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Discussion on: Choosing PHP in 2018

tadman profile image
Scott Tadman

You can SQL inject in any language, absolutely, but it seems like the drivers that ship by default with others have examples with placeholder values as a rule. While the official PHP documentation does a great job of walking people through how to use things like PDO or mysqli, these pages are buried SEO-wise by a metric ton of junk that doesn't, especially in the YouTube department.

The PHP world has an unusually high number of frameworks, maybe a dozen depending on your definition. In the Ruby world we've got basically two. Python? Three-ish. Node? Everything builds on Express.js. PHP has so much choice!

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tadman profile image
Scott Tadman

I think the problem is so pervasive, it's basically endemic to large parts of the PHP world, that it calls for some kind of intervention. An article won't be enough. This requires a pretty serious effort to disrupt what the current top-ranking results are for common inquiries like "how to php mysql" and such.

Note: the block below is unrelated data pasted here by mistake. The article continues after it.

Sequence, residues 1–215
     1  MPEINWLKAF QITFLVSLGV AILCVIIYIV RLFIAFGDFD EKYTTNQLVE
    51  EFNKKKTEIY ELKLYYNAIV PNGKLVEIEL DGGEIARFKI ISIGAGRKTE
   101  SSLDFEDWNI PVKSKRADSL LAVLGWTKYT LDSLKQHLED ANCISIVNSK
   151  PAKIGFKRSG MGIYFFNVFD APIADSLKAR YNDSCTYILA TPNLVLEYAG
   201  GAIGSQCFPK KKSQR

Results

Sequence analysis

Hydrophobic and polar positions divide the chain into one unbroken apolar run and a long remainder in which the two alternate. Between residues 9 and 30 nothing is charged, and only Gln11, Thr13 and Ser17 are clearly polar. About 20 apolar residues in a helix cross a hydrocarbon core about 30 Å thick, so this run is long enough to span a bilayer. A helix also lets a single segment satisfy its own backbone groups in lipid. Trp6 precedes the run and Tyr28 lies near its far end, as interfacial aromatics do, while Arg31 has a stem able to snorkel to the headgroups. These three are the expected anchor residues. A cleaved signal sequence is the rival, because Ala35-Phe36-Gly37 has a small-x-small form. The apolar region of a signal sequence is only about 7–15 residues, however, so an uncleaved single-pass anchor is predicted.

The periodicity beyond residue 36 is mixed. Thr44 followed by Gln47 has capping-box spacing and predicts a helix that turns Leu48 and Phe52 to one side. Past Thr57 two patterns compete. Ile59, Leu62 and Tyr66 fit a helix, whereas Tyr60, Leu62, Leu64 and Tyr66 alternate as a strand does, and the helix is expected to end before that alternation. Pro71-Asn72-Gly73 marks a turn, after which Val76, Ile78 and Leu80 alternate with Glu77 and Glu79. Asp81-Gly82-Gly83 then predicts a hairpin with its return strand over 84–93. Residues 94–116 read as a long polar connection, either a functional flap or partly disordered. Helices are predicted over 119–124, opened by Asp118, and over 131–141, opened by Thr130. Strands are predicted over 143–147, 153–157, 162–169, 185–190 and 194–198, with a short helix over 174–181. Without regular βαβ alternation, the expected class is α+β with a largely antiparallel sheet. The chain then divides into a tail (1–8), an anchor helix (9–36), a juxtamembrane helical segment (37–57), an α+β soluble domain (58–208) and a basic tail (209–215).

As much as I appreciate OWASP, it's a bit too theoretical for most people to absorb, especially newcomers who just want a how-to type introduction. It's at that point they're the most vulnerable to bad advice.

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restoreddev profile image
Andrew Davis Author

It’s hard to turn the direction of a large ecosystem, but it would probably take creating something like a PHP security initiative which would provide high quality documentation and videos that would become the reference point for good security. It would have to be something the whole community can get behind.

I think frameworks have made the situation much better since they have more secure defaults. However, developers need to be able to understand what the framework provides so they use it appropriately.